By Sarah Bey
Texas State has been recognized by the Arbor Day Foundation as a Tree Campus USA School for five years and is looking for volunteers to help plant 18 new trees this year.
The 2016 recognition was rescheduled for Friday, February 19 in Sewell Park. Waste Management Assistant Director of Ground Operations Jay Cody says there is a one-for-one policy in which they remove one tree and replace that tree. He also says this effort will help to reforest the Sewell Park area and promote diversity among the trees.
“They’re planted up away from the river,” said Cody. “So if it were to flood again, they should be ok.”
Honors Nature Professor Susan Hanson says the new trees will help to sustain the park if it were to flood again.
“Obviously they provide habitats for creatures along the river,” said Hanson. “But they also hold soil in place and I think that’s probably the most important function that they provide for the river to keep soil from washing into the river.”
Hanson has lived in San Marcos since 1971 and participated in the first Earth Day as a college student and has also participated in past Arbor Day celebrations at Texas State. She says events like these help people to learn more about the world around them.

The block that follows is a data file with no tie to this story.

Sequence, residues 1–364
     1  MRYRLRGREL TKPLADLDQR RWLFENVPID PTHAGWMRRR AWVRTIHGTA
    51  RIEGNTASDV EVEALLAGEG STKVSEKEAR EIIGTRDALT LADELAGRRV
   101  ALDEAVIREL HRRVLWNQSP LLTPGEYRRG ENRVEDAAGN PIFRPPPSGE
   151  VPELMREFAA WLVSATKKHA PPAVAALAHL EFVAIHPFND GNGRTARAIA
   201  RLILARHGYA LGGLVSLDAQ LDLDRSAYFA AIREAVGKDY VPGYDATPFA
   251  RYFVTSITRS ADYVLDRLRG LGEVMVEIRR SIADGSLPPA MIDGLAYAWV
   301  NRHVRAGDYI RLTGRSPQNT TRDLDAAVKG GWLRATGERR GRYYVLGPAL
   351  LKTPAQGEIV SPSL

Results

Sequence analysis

“I participated in one that I can remember — planting trees over on West Campus and that was really fun,” added Hanson. “It was a very community-geared event. Everybody chipped in and helped. I was out there planting trees with some colleagues from the english department, which was fun and I’ll be planting in this one as well.”
Cody says the Arbor Day celebrations have always been popular since there are a lot of students who want to help in environmental causes. H.E.A.T. Environment Executive Hannah Creasey has been involved with the organization for three years and encourages members to pursue projects in the local area.
“These environmental causes are things that are going to affect them for the rest of their lives,” said Cody. “No matter where they live, no matter where they’re going. So, like to be able to get involved with them now while they’re still young and learning then, they can see how it affects just the area around them.”
Cody says participants should bring their own pair of gloves to the event.
“We’ll have shovels, we’ll have mulch, we’ll have rakes, we’ll have all of that stuff,” Cody continues. “Trees will be on site. Holes will be pretty much prepared. All they need is a great attitude and we’ll take it from there.”
If you want to participate, you can sign up online at the Texas State Arbor Day Sign Up page. The first 100 participants will receive a “I Planted a Bobcat Tree” shirt. Planters will need to bring their volunteer release form and present a Texas State student ID to pick up tee shirts. The event begins at 10 a.m.